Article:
Monday, December 15, 2008

Approaching Holy Stories: The Harlequin and the Burning Nandina

Steve tells me that I talk in my sleep. He goes to sleep hours after I do most nights. As a result, he gets to hear me babble one nonsense question after another, issue imperatives in fluent gibberish that seem to have shreds of sense about them, but which fracture the logic of our everyday lives.

I have no idea what I’ve said to him until the next morning, when he reports the utterances to me. He has to write them down to remember them. Last night, though, I had the rare experience of actually hearing myself sleep-talk. We had gone to sleep with Flora, the mother corgi, between us, Valentine and Crispen, her half-corgi pups, in their usual spots at our feet. Flora is not a cuddler. She normally spends a few minutes with us and then heads for her pallet at the foot of the bed or on the footstool off the bed.

It’s a corgi thing, apparently. Her predecessor Braselton aka Brassie did the same. They’re sweet dogs (well, Brassie was peculiar though lovable), but not gushy with their affection. They want you to be clear about who is really doing whom a favor, in this symbiotic human-canine relationship.

For reasons unbeknownst to us, Flora decided to grace us with her presence into the night last night. Until the sleep-talking incident. Which went like this, as well as I can recall it:

Me: Steve. C. is next to me with his head raised, watching F. She’s on the pillow.

Steve: Nmmhn.

Me: Steve. Are you awake?

Steve: No. Are you?

And here’s the strange part. Though I “heard” that conversation clearly, and can remember it word for word, I wasn’t awake—not, that is, until Steve asked me if I were awake.

At which point I shot awake with a vengeance, puzzled that “I” could have been talking in my sleep, have been aware of doing so, have heard what I said—and still have been asleep. A disturbing recognition, since it undercuts our—my—pretensions to control, my oh-so-assured sense that there’s a me inside, who knows, chooses, acts. Who controls.

What awareness of dreaming does for us, I think, is show us that there are others inside us. Others who do the controlling. And who are beyond “our” control.

There’s that capering harlequin self who inducts us into dreamscapes. His job is to outwit us, to outwit the self that wants to maintain the illusion of control. She or he has to do that subversive thing when the controlling ego self goes to sleep, in order to get us to see what we actually saw in waking (in “real”) life, but whose significance we didn’t catch.

Dreams force us to take another look at what we see with our waking eyes, and yet don’t see enough. The way he twisted his ring as he assured me of his love for me. The frozen, disdainful way she held herself away from the table as she told us she values our work. The mottled snake skin that covered half of her face as she lied to me, her face turning yellow with envy under the mottled snake covering.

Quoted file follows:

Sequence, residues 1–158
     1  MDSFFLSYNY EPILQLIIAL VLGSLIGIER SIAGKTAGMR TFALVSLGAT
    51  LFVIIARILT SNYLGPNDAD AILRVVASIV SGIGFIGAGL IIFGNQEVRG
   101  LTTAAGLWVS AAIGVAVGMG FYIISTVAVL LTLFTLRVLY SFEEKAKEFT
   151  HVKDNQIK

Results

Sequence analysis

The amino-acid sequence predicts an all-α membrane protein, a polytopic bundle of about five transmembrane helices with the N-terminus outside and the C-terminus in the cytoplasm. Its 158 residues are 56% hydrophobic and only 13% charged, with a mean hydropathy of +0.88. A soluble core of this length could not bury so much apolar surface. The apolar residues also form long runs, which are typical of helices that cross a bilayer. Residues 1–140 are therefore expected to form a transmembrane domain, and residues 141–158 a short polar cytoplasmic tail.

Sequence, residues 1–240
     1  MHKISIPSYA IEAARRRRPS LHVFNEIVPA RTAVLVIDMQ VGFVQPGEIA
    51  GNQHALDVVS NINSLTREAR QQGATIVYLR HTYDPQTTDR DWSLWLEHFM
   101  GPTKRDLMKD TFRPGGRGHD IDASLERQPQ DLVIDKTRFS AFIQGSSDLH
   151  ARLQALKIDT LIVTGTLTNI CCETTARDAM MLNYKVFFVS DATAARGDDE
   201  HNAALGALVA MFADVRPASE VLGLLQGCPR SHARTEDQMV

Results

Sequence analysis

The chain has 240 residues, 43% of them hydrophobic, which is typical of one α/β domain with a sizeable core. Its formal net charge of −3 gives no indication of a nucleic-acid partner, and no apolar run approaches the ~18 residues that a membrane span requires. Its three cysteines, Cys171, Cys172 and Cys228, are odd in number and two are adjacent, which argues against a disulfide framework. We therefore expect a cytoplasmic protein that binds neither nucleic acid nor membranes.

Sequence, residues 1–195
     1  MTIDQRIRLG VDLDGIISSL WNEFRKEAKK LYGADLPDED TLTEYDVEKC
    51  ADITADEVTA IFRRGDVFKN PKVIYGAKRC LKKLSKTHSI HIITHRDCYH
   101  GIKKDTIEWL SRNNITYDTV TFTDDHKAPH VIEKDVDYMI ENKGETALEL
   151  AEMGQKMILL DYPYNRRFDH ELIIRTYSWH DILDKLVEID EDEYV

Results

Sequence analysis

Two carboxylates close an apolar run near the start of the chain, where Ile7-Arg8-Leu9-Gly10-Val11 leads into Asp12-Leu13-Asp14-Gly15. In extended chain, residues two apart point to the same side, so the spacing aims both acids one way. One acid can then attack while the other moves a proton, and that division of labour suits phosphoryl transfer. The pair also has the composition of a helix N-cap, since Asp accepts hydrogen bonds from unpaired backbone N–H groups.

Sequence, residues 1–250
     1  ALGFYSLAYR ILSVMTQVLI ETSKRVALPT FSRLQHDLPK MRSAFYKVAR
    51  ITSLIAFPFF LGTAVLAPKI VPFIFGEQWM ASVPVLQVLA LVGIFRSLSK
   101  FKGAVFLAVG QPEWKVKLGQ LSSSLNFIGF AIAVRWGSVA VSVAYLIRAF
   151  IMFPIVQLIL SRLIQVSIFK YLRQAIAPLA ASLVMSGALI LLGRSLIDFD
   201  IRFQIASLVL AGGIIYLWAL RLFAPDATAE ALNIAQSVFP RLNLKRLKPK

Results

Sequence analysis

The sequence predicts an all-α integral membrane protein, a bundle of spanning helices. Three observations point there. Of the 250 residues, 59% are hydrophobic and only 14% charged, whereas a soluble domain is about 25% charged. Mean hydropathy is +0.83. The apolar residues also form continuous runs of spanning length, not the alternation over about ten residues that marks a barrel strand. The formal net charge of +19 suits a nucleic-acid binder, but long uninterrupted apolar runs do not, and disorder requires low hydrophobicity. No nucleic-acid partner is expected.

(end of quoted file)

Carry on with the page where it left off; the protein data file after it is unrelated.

The sly, capering harlequin dream master inside all of us exposes us, whittles away our pretensions, whisks the covers away. And forces us to see. To become aware. To choose awareness over unawareness.

Dreams are, it seems to me, another form of awareness. One that moves at a tangent to “real”-life awareness. One that takes the same material we encounter and process in our everyday lives, but whose significance we don’t adequately sift while awake, since that material often comprises recognitions we do not wish to entertain, and which would disrupt our "normal" lives with their revelatory import, if we let them inside our minds as we go about our business.

And somewhere inside these recognitions is, it seems to me, a key that unlocks the significance of holy stories. Holy stories are far less like descriptions of the flat realities we encounter everyday, and far more like the dreamscape to which the harlequin leads us when our ego-minds switch off.

Holy stories do not describe what is scientifically true. The do not say what is factually verifiable. Instead, they subvert the assurances of our everyday perspectives on the world. They force us to recognize what is going on all around us, but what we refuse to see, because our ego selves want to remain encased in a hard shell of illusory control.

To the extent that we approach holy stories—and religion in general—with the presupposition that holy stories and religion are all about reinforcing our dominion over the world, we will be disappointed. To the extent that we expect holy stories to mirror our need for control, to make us comfortable in a world of which we fatuously imagine we are the master, we will find ourselves perplexed. We will remain an outsider to the real significance of holy stories and of faith.

To the extent that we are willing to slip, fall, slide down the tunnel of dream vision into a landscape simultaneously familiar and totally alien, where we exercise no mastery at all, we will begin to understand what holy stories are all about. The mind is a terrible thing to lose. But it’s only in losing it—in losing its pretensions to understand and control—that we will begin to approach the holy burning at the heart of the holy story. Which peeks out at us everywhere in daily life, but whose fiery presence in the nandina we cannot acknowledge until we let ego sleep, because, well, fire burns.